Tobin Prinz and Suzi Horn aka Prinzhorn Dance School return with their third album Home Economics, an album that boils down their sound to a sparse, at times primitive feel that, despite that, still manages to sound warm, and, overall, quite intriguing. The album is only six tracks and around 26 minutes long which, firstly, makes a full on review quite hard, but secondly, is, oddly, a good length for this album. It doesn't overstay its welcome at all and, like all good things, leaves you wanting more.
One of the joys of this album is that it reminds me of many things I love, including New Order and Joy Division, both of whom loom large over the album. The band have reduced their sound to the basics of guitar, bass, drums and vocals but the production gives each element room to breathe and that makes tracks like the excellent Reign and Clean reminiscent of the sound that Martin Hannett would lend to Joy Division or the earlier works of New Order. You can hear the space in the music, if you'll forgive such a pretentious if not scientifically impossible phrase, and thetas to the album's benefit.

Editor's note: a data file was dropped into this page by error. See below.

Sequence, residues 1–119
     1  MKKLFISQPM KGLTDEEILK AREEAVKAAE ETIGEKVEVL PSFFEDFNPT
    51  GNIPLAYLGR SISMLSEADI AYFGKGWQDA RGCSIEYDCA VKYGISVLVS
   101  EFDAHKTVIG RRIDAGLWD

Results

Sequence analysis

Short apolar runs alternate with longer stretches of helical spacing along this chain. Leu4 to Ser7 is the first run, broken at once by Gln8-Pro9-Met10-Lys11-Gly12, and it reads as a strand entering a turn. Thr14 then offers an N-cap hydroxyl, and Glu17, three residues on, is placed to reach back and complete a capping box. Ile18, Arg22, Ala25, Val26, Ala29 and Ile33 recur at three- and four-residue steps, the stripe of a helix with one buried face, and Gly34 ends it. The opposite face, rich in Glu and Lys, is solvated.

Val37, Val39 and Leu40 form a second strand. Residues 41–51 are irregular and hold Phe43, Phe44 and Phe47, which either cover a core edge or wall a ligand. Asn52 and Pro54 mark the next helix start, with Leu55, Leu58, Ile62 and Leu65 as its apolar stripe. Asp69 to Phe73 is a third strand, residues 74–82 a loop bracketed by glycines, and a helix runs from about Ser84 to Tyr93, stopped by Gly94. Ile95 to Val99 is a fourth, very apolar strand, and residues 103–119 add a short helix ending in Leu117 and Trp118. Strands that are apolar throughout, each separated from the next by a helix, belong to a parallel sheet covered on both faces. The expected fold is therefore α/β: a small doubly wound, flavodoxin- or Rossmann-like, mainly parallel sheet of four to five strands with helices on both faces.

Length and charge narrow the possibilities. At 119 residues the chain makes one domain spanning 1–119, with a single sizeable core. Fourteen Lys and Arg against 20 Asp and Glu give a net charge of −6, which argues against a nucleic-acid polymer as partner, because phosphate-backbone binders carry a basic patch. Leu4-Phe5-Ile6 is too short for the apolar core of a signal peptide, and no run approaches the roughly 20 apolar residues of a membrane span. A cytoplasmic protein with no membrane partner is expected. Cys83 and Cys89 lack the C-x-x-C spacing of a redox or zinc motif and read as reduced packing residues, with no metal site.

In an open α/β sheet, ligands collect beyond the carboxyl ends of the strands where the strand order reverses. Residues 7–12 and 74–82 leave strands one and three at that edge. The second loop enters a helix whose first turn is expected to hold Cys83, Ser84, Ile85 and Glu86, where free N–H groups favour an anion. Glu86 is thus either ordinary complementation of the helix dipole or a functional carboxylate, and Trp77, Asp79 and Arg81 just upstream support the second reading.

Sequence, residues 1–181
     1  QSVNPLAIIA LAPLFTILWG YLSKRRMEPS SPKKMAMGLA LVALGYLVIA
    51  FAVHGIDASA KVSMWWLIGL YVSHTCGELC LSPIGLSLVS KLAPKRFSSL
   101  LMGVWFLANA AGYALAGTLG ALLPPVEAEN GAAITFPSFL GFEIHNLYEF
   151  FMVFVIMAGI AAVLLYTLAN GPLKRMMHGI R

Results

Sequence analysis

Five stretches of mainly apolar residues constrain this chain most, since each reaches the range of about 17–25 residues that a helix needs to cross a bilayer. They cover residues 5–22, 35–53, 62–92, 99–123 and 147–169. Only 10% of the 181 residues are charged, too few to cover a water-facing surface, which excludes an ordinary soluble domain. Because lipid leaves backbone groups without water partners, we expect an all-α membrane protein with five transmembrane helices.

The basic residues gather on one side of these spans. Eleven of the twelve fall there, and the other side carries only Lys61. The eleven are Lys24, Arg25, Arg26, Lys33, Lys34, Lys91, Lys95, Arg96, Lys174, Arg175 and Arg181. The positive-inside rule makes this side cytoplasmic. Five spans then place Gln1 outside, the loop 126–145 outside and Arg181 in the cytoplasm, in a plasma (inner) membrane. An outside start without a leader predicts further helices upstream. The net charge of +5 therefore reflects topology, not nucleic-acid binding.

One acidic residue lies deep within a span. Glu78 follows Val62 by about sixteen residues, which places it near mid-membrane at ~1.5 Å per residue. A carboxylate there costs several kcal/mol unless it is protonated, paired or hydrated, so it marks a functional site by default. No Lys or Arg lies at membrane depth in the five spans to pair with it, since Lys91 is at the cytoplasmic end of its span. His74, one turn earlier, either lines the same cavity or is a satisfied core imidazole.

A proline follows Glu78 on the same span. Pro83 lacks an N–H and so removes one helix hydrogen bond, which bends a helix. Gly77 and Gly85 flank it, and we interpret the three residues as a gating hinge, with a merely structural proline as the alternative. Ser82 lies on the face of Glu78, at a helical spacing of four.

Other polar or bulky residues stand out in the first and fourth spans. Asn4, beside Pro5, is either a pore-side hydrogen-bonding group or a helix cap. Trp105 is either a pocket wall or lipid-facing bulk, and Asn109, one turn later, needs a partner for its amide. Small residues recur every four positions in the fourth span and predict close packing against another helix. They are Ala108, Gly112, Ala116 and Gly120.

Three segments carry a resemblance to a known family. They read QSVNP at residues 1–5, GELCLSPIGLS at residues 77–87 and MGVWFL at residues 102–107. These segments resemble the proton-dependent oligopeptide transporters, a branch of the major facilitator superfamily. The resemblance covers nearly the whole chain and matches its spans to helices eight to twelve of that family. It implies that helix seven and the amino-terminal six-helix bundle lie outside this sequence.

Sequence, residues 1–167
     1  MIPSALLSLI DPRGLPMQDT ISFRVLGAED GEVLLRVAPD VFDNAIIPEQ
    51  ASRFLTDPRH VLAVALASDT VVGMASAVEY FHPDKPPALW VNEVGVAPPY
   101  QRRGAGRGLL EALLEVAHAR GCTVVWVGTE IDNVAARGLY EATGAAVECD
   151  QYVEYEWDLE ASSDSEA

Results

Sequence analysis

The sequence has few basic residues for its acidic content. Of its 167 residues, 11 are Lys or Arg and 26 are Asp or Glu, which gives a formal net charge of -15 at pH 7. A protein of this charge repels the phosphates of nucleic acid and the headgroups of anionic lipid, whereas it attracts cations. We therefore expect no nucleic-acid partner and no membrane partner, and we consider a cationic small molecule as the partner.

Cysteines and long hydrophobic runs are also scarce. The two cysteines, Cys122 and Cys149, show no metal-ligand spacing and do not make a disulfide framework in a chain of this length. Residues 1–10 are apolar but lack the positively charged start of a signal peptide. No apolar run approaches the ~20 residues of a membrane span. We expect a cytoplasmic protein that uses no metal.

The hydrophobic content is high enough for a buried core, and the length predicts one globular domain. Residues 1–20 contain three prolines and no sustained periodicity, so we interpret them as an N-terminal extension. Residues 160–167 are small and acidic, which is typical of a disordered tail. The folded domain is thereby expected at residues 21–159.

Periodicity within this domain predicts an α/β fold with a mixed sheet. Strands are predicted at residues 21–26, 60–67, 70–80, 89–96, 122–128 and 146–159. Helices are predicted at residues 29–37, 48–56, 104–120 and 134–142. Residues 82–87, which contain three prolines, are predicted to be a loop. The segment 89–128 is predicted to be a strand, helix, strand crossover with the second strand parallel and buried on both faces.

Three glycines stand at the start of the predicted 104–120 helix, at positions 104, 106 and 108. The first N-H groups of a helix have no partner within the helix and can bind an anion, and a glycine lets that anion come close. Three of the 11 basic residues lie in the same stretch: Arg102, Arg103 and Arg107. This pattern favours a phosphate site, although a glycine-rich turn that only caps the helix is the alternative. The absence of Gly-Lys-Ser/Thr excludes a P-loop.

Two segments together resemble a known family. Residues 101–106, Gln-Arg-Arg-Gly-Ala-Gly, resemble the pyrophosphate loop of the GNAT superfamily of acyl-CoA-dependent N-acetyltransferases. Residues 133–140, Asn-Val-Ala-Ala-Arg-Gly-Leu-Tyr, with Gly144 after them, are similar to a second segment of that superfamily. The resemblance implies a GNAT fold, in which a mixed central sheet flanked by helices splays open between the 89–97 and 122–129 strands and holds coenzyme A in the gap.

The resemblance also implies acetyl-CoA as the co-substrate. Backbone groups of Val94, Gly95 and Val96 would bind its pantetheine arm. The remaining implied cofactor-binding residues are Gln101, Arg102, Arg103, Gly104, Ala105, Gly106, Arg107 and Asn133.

There are also touches of The Wedding Present, especially in the vocals of Prinz on the likes of Let Me Go which coud easily pass for Dave Gedge. As a long time Wedding Present fan, that's a wonderful thing to hear. Seamonsters, in my opinion the Wedding Present's best album and an album that should be far more praised than it is uses the simplicity of sparse sounds to devastating effect and Home Economics follows the same path.
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For an album released on the peerless DFA label, there are precious few DFA hallmarks on this record but that's absolutely fine. Home Economics is very much its own record and it's all the better for it.